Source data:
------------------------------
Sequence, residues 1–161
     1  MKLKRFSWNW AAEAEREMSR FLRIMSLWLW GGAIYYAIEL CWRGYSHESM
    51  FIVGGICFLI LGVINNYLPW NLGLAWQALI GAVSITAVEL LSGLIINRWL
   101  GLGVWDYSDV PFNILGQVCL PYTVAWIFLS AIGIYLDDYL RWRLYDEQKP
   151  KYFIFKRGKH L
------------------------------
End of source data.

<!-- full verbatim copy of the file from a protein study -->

Sequence, residues 1–161
     1  MKLKRFSWNW AAEAEREMSR FLRIMSLWLW GGAIYYAIEL CWRGYSHESM
    51  FIVGGICFLI LGVINNYLPW NLGLAWQALI GAVSITAVEL LSGLIINRWL
   101  GLGVWDYSDV PFNILGQVCL PYTVAWIFLS AIGIYLDDYL RWRLYDEQKP
   151  KYFIFKRGKH L